Wednesday, April 10, 2013

Fwd: qotd: Online brokers want a cut of the action

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-------- Original Message --------
Subject: qotd: Online brokers want a cut of the action
Date: Wed, 10 Apr 2013 07:31:55 -0700
From: Don McCanne <>
To: Quote-of-the-Day <>

The Washington Post
April 8, 2013
In Obamacare, online insurance brokers see potential windfall
By Sarah Kliff

Online insurance brokers see a potential windfall when the federal
government doles out billions in subsidies to buy help Americans buy
health insurance. And they are asking state governments to help them
score it.

The online brokers want millions of new insurance customers to be able
to use those subsidies to buy health coverage through their Web sites,
rather than shop exclusively on the new exchanges being set up by states
and the federal government.

"We have the expertise and already generate a tremendous amount of
volume of sales," says Gary Lauer, CEO of EHealth, the country's largest
online insurance broker. "The exchanges are spending a lot of money to
enroll people, which is all fine, but we could do the same thing at no
charge to the federal government."

EHealth CEO Lauer does acknowledge that the site has financial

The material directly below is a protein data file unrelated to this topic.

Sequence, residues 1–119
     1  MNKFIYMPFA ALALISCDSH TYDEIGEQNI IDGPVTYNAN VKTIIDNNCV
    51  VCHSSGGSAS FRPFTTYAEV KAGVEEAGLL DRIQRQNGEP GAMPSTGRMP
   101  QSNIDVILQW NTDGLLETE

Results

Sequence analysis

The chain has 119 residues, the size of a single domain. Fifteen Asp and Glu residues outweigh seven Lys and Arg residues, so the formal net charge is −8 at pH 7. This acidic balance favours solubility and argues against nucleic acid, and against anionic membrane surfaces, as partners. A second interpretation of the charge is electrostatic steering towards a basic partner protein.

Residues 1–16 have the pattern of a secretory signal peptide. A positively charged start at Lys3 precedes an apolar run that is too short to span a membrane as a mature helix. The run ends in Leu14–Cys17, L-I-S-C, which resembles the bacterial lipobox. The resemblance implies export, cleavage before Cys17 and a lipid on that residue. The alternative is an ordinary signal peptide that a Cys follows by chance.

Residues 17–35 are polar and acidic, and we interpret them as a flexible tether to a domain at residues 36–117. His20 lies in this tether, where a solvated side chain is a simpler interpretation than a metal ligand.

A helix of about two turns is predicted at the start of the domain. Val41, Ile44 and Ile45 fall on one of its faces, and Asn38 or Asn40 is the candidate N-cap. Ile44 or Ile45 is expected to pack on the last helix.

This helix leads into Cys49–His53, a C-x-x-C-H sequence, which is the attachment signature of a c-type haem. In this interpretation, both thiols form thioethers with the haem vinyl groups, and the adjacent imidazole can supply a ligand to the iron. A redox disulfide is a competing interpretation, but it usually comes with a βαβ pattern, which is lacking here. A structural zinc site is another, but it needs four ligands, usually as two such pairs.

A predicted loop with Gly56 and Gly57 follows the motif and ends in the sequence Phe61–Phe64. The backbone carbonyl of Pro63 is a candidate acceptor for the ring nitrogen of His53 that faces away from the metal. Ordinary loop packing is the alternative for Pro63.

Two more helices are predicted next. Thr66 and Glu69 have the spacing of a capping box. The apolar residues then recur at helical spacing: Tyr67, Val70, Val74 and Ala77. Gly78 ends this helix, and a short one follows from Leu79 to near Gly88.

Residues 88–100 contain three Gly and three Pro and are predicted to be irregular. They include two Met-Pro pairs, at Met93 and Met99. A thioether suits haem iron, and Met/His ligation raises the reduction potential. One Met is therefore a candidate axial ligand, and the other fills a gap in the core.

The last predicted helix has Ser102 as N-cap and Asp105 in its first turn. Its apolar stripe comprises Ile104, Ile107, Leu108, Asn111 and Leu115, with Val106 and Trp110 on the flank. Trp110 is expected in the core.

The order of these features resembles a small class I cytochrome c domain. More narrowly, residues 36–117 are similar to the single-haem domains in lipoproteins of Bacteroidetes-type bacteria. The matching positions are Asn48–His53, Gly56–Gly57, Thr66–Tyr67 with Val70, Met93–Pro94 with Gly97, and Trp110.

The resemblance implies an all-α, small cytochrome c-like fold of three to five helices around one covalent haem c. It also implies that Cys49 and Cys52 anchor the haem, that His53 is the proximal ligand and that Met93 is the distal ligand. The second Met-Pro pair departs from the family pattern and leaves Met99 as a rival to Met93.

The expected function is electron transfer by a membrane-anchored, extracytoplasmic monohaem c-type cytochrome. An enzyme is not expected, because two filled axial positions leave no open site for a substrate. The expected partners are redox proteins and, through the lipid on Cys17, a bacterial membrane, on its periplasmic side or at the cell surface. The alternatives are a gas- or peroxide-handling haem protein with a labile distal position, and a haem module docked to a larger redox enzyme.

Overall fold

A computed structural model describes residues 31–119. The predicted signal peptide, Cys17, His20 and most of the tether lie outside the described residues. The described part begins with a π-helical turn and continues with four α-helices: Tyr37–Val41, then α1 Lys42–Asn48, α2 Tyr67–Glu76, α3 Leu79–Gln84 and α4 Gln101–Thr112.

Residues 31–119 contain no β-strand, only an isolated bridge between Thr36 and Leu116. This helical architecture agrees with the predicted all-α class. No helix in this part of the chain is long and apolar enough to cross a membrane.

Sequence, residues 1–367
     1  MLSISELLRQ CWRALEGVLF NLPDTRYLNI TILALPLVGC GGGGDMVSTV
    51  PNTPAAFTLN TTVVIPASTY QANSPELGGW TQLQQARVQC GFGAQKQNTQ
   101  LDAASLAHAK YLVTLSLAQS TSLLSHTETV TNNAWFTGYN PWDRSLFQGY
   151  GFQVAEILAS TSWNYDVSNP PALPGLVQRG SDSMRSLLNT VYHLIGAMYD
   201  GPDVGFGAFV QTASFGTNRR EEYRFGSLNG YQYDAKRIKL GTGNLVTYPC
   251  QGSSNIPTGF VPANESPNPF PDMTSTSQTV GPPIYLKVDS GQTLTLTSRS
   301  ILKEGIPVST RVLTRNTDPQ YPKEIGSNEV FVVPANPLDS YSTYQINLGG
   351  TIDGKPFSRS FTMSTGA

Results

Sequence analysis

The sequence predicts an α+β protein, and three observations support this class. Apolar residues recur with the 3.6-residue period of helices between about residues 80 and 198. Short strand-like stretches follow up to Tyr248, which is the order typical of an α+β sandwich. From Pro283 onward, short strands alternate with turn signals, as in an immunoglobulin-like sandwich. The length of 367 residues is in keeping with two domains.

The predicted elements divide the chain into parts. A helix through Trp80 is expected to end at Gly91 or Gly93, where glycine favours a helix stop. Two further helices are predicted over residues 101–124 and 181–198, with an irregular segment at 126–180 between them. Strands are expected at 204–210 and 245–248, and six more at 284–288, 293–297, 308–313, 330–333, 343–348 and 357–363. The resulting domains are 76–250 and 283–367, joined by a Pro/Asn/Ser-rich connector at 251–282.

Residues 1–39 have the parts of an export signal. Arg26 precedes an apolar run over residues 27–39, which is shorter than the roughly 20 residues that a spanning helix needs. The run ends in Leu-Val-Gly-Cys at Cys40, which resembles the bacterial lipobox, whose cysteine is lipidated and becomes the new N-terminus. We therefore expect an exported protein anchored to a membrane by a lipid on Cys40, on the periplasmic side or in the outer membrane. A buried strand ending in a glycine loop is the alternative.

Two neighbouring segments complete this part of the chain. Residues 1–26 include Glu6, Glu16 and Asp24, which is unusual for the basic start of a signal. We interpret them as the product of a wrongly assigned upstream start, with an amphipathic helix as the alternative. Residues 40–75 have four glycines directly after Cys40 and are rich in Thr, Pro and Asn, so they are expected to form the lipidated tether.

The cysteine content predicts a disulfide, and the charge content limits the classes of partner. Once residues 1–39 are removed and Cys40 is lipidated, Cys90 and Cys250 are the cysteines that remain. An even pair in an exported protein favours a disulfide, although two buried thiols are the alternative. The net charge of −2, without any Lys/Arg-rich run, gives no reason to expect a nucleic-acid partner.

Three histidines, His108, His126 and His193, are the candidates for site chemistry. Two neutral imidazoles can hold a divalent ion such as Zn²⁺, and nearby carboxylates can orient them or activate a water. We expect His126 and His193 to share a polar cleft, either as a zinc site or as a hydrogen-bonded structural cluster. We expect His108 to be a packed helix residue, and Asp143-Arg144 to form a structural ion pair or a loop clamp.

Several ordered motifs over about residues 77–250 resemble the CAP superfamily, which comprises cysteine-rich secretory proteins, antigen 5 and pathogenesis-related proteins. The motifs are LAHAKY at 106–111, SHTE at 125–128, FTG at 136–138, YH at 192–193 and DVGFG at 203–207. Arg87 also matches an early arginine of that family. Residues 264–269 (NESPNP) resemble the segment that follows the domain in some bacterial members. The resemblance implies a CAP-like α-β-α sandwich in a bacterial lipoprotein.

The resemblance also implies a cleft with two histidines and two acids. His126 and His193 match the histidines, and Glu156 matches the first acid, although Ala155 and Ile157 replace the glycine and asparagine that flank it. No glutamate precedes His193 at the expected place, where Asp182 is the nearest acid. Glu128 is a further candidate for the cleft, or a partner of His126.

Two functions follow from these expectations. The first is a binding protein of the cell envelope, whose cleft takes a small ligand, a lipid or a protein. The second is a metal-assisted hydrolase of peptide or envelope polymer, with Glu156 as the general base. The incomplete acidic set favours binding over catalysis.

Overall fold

motivations when it sells a health insurance plan. But he also contends
that the federal regulations are strong enough to ensure that consumers
get the same experience, no matter where they purchase coverage.

"We're a profit-making company," he said. "Our revenue source is the
commission paid to brokers. It's not an additional charge, it's built
into the premium, the same premium on the exchange. The only difference
is the carrier will pay us a commission."

Comment: As Gary Lauer, CEO of EHealth states, "We're a profit-making
company." Yes, they are a company that draws dollars (over 150 million
of them in 2012) away from our heath care funds, and yet provides
absolutely no services or products directly related to actual health care.

It is particularly irritating when he states that his firm can provide
health insurance brokerage services for the exchanges being established
under the Affordable Care Act "at no charge to the federal government,"
because the charges are "built into the premium."

Who pays those charges? The insurance companies certainly do not deduct
these expenses directly from their profits. They weren't born yesterday.
As Lauer states, the charges are built into the premiums. Thus they are
paid jointly by plan enrollees and by the federal government in the form
of premium subsidies.

The expenses of these brokerages or of the state insurance exchanges
wouldn't even exist if we had one universal program instead of a
multitude of private insurers, which in themselves generate tremendous
administrative waste while imposing greater administrative burdens and
costs on the actual providers of health care.

By insurance industry standards, maybe Gary Lauer's compensation is
modest ($1.67 million in 2012), but if he is providing us nothing of
value, then any amount is too much.

Haven't we had enough? Isn't it time for an improved Medicare that
covers everyone? Then Gary Lauer would have to get a real job.

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